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A man of few spoken words (ask his family), Travis Babcock was born under the astronomical constellation Gemini (ladies) during the year of ’92 in Santa Cruz, California – for those geographically impaired or too lazy to Google it, that is Northern California… or Central California depending on who you ask, so Cen-Cal/Nor-Cal… it’s still up for debate – which he would describe as living in a political, social, economical, and climate confused bubble.

Growing up, Travis was quite accustomed to the arts, performing in plays from the age of tiny to the moment his stage fright kicked in – somewhere around puberty. It was at this time Travis was ready for his genuine stereotypical high school experience. Unfortunately, he did not get it for he attended Pacific Collegiate School, a highly acclaimed academic charter school or in a single word, “fun.” The days of APs and advanced learning became frequent, taking up, not all of his time but… time – something he and his friends would complain about in their circles of teenage angst[1]. But this brings up a larger point and one Travis wants to make sure you are all fully aware of: Yes, he had friends. Two’s and three’s of them at a time[2]. Then like most protagonists in cheesy high school movies, he began his soul-searching. Secretly, Travis wanted to sing and act, but the lack of a voice, courageous personality, and six-pack led his search elsewhere. Yet his search was not long or far as he soon signed up for Video Production at his aforementioned high school.

Travis found a world behind the lens – and more importantly despite tabloids and media projections he realized there was talent back there. And so he found his calling, but still lacked a direction of specificity. As if his life was being written as a story, he suddenly found it within an assignment demanding he write a twelve-page screenplay – using Syd Field’s structure of course. Here Travis stumbled upon something special. He was creating people, stories, ideas (themes didn’t really come until later, he was still an amateur at this point) all with the stroke of his pen or a tap on the keyboard. He could give life to thoughts he could not verbally express or hide those he had always suppressed into the intertwining of his creations. It all seemed limitless and frankly nothing else enticed his intrigue.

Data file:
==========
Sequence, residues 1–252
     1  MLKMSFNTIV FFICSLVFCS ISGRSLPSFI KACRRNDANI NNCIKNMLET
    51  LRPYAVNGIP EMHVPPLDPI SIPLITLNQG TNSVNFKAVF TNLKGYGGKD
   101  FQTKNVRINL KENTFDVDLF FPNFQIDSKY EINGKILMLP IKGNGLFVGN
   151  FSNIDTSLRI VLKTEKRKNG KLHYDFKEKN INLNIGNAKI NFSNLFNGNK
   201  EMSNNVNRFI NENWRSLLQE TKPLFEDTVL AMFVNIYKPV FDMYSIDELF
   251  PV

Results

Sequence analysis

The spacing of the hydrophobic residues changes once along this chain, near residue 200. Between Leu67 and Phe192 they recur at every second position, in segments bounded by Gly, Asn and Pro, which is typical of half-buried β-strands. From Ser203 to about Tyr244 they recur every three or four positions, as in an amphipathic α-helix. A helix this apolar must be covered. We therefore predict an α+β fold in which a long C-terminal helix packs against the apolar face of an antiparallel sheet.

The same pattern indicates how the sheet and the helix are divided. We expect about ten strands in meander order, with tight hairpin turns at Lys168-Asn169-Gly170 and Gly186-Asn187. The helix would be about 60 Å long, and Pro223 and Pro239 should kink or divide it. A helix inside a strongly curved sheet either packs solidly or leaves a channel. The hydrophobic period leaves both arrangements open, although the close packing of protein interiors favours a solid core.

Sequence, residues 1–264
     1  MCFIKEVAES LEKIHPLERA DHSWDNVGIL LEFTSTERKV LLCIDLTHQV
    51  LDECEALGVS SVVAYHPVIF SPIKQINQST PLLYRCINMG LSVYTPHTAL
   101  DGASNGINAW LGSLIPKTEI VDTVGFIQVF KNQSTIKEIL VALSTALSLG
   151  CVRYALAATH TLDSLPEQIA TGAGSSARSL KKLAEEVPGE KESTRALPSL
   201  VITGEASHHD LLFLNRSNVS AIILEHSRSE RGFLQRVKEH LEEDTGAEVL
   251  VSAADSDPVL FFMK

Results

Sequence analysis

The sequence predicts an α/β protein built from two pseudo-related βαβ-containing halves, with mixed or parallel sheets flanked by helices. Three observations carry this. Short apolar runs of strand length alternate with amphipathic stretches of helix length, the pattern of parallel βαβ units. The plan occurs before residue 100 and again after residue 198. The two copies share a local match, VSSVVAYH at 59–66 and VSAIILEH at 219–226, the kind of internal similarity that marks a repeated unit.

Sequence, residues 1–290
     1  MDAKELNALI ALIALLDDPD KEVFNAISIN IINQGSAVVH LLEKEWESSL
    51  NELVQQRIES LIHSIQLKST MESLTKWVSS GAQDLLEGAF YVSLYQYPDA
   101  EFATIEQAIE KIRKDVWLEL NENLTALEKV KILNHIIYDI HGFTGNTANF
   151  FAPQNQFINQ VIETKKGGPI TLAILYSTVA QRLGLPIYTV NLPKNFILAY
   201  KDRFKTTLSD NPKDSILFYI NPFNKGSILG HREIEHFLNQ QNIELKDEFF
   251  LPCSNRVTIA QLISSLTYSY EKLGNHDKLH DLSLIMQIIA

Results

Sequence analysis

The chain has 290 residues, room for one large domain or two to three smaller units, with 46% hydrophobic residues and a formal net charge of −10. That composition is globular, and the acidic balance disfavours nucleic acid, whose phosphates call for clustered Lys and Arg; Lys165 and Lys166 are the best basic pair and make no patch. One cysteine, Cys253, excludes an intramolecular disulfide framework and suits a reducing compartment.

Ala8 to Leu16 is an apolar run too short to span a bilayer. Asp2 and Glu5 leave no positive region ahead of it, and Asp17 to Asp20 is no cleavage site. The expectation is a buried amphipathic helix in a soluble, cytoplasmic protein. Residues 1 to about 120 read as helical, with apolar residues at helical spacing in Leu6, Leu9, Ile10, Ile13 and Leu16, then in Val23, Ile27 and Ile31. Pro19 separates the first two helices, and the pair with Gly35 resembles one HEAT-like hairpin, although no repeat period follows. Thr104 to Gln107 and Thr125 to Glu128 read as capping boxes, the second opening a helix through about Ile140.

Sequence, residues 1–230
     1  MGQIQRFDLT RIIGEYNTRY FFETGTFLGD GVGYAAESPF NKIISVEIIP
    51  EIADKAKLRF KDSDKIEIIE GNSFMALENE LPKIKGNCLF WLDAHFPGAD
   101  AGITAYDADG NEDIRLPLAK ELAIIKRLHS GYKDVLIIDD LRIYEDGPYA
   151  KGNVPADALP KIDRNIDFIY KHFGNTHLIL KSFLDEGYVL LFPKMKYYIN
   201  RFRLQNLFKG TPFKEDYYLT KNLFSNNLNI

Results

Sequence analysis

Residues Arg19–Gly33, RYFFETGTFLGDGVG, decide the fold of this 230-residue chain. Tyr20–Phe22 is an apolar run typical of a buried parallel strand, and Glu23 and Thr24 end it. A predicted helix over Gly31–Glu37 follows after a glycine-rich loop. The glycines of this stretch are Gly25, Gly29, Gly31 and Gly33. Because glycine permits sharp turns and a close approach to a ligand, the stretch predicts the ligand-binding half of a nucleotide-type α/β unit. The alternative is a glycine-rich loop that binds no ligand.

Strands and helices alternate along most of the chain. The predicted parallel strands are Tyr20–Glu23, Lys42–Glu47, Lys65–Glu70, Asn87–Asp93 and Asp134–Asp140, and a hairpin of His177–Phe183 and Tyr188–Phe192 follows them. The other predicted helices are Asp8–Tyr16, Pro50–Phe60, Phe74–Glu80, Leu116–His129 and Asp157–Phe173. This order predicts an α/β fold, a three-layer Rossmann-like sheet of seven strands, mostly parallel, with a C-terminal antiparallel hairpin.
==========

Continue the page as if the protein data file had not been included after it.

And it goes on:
With a clear interest and graduation around the corner, Travis was awaiting replies from his college applications. Denied from UCLA (his first choice) and denied by Chapman (his second choice), he promptly confirmed his acceptance to California State University Long Beach – also known as Cal State Long Beach, CSULB, LBSU, Long Beach State, and The Beach. It is not necessary for a school to have so many aliases, but people do like options. He had the understanding their film program was moderately respected and being forty minutes from Los Angeles was a decent perk. Later he was informed of the school’s esteemed alumni consisting of the likes of Steve Martin and Steven Spielberg – although the latter treats the school like his ugly illegitimate child he talks to every couple of years when forced.

Though he had been writing for some time already, Travis would argue college is where he learned how to write. He took all the screenwriting classes the program had to offer, befriending a teacher or two along the way. It was in his second year when he wrote his first feature. An eighty-page homage to Richard Linklater’s Before Sunset – he says “homage,” many would say thievery – consisting of minimal action and dense verbiage. He was proud of that script regardless of its structural flaws, deeming it artistically necessary for furthering his writing career.